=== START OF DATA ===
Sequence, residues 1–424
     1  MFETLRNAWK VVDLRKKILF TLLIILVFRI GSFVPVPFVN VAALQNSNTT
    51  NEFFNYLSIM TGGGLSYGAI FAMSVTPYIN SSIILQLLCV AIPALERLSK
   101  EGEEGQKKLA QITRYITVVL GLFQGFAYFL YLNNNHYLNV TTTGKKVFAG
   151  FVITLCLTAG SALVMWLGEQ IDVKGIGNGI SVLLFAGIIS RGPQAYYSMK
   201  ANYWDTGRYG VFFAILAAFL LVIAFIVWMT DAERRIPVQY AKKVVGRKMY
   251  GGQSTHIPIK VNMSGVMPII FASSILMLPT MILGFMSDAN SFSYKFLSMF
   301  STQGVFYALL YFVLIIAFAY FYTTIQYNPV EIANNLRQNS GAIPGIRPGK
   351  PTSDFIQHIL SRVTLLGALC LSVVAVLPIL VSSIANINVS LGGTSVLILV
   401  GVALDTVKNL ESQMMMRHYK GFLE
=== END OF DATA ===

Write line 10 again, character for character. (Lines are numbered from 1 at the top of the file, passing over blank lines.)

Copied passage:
   401  GVALDTVKNL ESQMMMRHYK GFLE